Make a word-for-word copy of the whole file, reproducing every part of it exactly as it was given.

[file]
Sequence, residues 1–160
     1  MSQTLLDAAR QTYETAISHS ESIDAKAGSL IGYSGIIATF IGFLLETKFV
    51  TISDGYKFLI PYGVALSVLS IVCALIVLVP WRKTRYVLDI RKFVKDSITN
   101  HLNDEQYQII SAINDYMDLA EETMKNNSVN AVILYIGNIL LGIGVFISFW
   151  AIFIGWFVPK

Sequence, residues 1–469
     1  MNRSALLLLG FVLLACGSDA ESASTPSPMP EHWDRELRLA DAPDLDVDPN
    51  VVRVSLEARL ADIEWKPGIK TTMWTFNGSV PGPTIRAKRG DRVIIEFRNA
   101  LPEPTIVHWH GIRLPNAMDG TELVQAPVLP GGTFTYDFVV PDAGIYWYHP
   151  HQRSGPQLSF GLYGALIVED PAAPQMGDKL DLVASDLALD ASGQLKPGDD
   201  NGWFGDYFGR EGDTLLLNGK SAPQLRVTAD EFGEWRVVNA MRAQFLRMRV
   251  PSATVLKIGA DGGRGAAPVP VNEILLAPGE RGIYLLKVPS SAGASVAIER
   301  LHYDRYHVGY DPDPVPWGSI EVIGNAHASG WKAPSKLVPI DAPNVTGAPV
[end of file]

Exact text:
Sequence, residues 1–160
     1  MSQTLLDAAR QTYETAISHS ESIDAKAGSL IGYSGIIATF IGFLLETKFV
    51  TISDGYKFLI PYGVALSVLS IVCALIVLVP WRKTRYVLDI RKFVKDSITN
   101  HLNDEQYQII SAINDYMDLA EETMKNNSVN AVILYIGNIL LGIGVFISFW
   151  AIFIGWFVPK

Sequence, residues 1–469
     1  MNRSALLLLG FVLLACGSDA ESASTPSPMP EHWDRELRLA DAPDLDVDPN
    51  VVRVSLEARL ADIEWKPGIK TTMWTFNGSV PGPTIRAKRG DRVIIEFRNA
   101  LPEPTIVHWH GIRLPNAMDG TELVQAPVLP GGTFTYDFVV PDAGIYWYHP
   151  HQRSGPQLSF GLYGALIVED PAAPQMGDKL DLVASDLALD ASGQLKPGDD
   201  NGWFGDYFGR EGDTLLLNGK SAPQLRVTAD EFGEWRVVNA MRAQFLRMRV
   251  PSATVLKIGA DGGRGAAPVP VNEILLAPGE RGIYLLKVPS SAGASVAIER
   301  LHYDRYHVGY DPDPVPWGSI EVIGNAHASG WKAPSKLVPI DAPNVTGAPV